American Society of Plastic Surgeons
For Medical Professionals
 

Gynecomastia after weight loss


Gynecomastia after weight loss often requires longer incisions and more contouring due to the presence of redundant skin, tissue, and fat. The goal is to create a masculine, natural-looking chest in which the scars are positioned discreetly.

Gynecomastia surgery, or more commonly referred to as male breast reduction, comes in different techniques based on the scar appearance. However, massive weight loss patients should accept that they need an extensive amount of work to achieve good results.

Most gynecomastia surgeries use a U-shaped incision within the lower border of the areola (about 4 to 8 o'clock) so the resulting scars blend in with the skin. With this technique, doctors are able to remove the excess glandular tissue.

However, only men with a young, elastic skin can reap the benefits of a U-shaped incision technique. MWL patients, meanwhile, generally have more redundant skin that must be removed to achieve the ideal masculine contour.

In severe cases of gynecomastia, the patient may need an anchor reduction technique in which the incisions go around the areola's border, vertically down to the inframammary fold, and within the breast crease, leading to an inverted T-shaped scar.

Despite the more visible scar (especially the vertical line between the areola and the submammary fold), MWL patients should accept that it is the only way to achieve the optimal breast shape.

In the first few months, the scars will appear red and will continue to improve within a year. Oftentimes, they heal very nicely that their appearance will not bother most patients, as suggested by some Los Angeles plastic surgery experts.

However, a few may develop hypertrophic or keloid scars. Aside from genetic predisposition, studies have suggested that previous surgery results, family history, and skin color are risk factors as well.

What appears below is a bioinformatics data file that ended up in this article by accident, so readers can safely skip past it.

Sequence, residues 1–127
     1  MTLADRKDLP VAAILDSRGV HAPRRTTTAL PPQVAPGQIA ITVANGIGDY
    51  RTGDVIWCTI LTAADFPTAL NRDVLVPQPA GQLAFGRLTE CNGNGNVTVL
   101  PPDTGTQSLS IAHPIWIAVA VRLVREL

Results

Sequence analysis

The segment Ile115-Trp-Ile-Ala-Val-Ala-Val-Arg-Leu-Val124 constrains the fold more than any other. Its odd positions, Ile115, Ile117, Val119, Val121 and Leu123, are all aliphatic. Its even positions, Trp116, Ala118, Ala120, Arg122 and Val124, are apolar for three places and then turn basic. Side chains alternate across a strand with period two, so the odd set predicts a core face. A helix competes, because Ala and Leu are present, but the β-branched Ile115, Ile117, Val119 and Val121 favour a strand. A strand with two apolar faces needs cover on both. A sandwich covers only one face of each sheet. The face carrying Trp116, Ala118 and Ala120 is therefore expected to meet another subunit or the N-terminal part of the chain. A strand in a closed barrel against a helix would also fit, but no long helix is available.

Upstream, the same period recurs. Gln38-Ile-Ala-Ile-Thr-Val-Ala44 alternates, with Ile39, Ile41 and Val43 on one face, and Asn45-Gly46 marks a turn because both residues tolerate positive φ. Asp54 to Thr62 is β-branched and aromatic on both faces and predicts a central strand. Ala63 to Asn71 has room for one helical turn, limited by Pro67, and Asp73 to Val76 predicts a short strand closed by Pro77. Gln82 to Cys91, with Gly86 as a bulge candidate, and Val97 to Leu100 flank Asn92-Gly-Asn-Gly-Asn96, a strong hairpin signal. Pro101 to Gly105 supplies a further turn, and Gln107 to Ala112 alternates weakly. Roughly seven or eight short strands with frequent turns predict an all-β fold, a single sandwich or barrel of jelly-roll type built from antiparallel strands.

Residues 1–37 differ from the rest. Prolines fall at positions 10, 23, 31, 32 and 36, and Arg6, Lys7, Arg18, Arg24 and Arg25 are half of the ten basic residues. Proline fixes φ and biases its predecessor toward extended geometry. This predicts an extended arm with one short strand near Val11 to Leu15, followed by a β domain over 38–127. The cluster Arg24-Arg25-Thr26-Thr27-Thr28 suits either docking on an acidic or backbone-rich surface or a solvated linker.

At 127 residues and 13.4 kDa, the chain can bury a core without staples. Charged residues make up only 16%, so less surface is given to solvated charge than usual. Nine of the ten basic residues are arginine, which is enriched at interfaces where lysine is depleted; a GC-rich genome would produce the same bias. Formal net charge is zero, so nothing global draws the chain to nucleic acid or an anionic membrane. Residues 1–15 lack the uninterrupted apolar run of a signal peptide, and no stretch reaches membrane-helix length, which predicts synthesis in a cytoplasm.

Nevertheless, some risk factors such as wound tension and infection can be controlled, if not eliminated.

Proper wound closure such as deep suturing technique to minimize tension on the skin is one way to promote good healing and favorable scarring. To further support and protect the incision site, some doctors also use steri-strips.

Once the wound is clinically healed, steri-strips are then replaced by silicone tapes that hydrate the skin and prevent scar tissue (keloids/hypertrophic scars) from forming within the dermis.

Other ways to promote fine scars include scar massage, steroid injection, laser treatments, and surgical scar revision, which is viewed as the last option as it entails another incision.

For more information, including a list of ASPS plastic surgeons in your community, please use our Find a Plastic Surgeon tool.


The views expressed in this blog are those of the author and do not necessarily reflect the opinions of the American Society of Plastic Surgeons.

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